Bridget said: “She was the daughter of William Buck who, with Benjamin Greene, owned the Greene King brewery in Bury St Edmunds.

“They married at St Mary's Church, a stone's throw from where they lived in St Mary's Square in Bury in the early 1800s. They also lived in the Lake District for a while and they were friendly with the Wordsworths.”

The abolition movement took time to achieve its aims.

Bridget said: “The campaign went in fits and starts. In 1803 there was a resurgence of interest and Clarkson once again toured the country gathering evidence while Wilberforce again introduced the Abolition Bill before Parliament.”

After failures in 1804 and 1805, the third Bill to abolish the Slave Trade was introduced in 1807 and finally became law on March 25 1807.

In 1816 he retired to Playford Hall, where he died on September 26 1846. He is buried in the churchyard at Playford.

Bridget added: “My favourite quote about him is by the poet Coleridge who referred to him as a "moral steam engine”. He had huge power in his convictions which I think drew people to him.”

Thomas was not the only notable member of his family; his brother, John, took a major part in helping move 1,200 ex-slaves from Nova Scotia, Canada to the new colony of Sierra Leone. He became the first governor there.

Clarkson was the son of Rev. John Clarkson (1710-1766), and attended Wisbech Grammar School where his father was headmaster, and went on to St Paul's School in London in 1775.

He went up to St John's College, Cambridge in 1779.

He graduated in 1783 and was to continue at Cambridge with the intention of following in his father's footsteps and entering the church. He was ordained deacon but never became a priest.

He researched the topic by meeting and interviewing those who had personal experience of the slave trade and slavery.

After his death, a monument to Clarkson was put up in 1879, at Wadesmill - where he experienced a vision - that reads: “On this spot where stands this monument in the month of June 1785 Thomas Clarkson resolved to devote his life to bringing about the abolition of the slave trade.”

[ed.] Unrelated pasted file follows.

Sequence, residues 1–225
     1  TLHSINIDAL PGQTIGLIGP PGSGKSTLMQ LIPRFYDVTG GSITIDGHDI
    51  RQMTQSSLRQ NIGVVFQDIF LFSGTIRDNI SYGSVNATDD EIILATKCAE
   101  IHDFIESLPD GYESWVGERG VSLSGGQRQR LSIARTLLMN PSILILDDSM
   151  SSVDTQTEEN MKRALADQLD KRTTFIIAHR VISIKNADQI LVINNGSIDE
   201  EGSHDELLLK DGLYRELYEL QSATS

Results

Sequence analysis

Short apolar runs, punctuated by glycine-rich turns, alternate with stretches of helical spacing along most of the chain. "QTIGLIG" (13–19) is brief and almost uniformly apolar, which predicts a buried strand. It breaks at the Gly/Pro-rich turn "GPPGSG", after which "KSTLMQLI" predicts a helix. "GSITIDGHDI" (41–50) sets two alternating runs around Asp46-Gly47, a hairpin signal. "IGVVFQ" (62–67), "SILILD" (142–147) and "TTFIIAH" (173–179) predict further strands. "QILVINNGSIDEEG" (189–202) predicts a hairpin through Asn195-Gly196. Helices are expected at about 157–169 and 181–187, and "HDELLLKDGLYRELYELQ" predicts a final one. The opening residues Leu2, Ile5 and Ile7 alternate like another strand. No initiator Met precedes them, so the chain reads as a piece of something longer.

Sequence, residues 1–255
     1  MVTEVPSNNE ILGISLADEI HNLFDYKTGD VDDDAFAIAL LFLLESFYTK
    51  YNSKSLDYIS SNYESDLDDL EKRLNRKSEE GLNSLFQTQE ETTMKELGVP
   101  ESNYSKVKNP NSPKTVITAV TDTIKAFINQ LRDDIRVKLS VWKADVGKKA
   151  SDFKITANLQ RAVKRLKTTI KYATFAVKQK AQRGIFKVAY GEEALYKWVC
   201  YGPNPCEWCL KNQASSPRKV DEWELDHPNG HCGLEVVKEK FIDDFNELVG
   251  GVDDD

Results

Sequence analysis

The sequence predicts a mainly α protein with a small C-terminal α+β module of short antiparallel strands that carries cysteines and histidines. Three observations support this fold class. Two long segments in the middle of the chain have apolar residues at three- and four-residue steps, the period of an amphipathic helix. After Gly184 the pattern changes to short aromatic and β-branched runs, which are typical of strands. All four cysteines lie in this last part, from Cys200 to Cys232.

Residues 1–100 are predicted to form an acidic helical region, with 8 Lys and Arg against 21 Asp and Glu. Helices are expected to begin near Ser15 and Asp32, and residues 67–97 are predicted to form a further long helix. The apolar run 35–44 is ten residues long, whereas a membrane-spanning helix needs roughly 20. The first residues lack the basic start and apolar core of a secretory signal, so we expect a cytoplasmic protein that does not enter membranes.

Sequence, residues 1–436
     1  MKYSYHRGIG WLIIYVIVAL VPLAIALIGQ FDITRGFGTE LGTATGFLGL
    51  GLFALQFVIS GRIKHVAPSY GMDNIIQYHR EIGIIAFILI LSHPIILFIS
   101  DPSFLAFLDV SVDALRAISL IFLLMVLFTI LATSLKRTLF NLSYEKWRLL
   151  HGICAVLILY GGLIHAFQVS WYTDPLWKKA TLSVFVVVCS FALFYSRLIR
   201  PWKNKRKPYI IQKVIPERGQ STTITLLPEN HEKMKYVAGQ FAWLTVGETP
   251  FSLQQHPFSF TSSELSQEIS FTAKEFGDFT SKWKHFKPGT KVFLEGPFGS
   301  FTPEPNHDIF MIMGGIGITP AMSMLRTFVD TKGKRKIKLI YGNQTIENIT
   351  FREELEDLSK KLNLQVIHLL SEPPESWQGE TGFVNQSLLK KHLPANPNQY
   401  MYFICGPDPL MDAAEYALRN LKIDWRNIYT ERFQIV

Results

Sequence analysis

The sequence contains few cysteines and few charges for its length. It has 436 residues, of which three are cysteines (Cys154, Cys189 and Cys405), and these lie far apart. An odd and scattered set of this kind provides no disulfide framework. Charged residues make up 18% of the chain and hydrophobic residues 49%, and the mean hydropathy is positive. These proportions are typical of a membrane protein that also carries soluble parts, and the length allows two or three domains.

Another monument, the Clarkson Memorial was erected to his memory in his birthplace at Wisbech to commemorate his life and work. The Clarkson School, Wisbech is named after him.

In 1996 a tablet was dedicated to his memory in Westminster Abbey, near the tomb of William Wilberforce.

Suffolk Record Office is marking the abolition of the slave trade by holding 200th Anniversary Clarkson lectures at Bury and Ipswich Record Offices from today, accompanied by small displays.

Tickets are £5 including coffee/tea and cake. To be sure of a place contact the relevant record office now:

Saturday, April 28: 2 - 4pm, Ipswich Record Office. Tel 01473 584541

Saturday, May 26: 10.30am - 12.30pm, Bury Record Office. Tel: 01284 352352

One of the most enduring images from Clarkson's huge body of evidence is the diagram of the Brookes slave ship, built in Liverpool in the 1780s and named after its owner and builder, James Brookes. On three voyages between 1781 and 1785 the ship carried over 600 enslaved Africans on the middle passage from West Africa to the Caribbean; many died as a result of the terrible conditions on board.

In the late 1780s, a Parliamentary committee was set up to look into overcrowding on slave ships. One of those called to give evidence was the ex-surgeon of the Brookes, Thomas Trotter.

In 1788, an Act of Parliament was passed which limited the number of slaves that could be carried on a ship according to its tonnage.

In the Brookes's case the maximum number allowed was 454. Thomas Clarkson paid the artist James Phillips to make a drawing of Brookes.

The print illustrates that even with 454 slaves packed on board, the overcrowding was still appalling.

This powerful image was one of only two officially approved by the abolitionist movement and it immediately helped to popularize the abolition campaign .

Even though the conditions on board were legally acceptable at the time, it shows they were still extremely cruel in practice.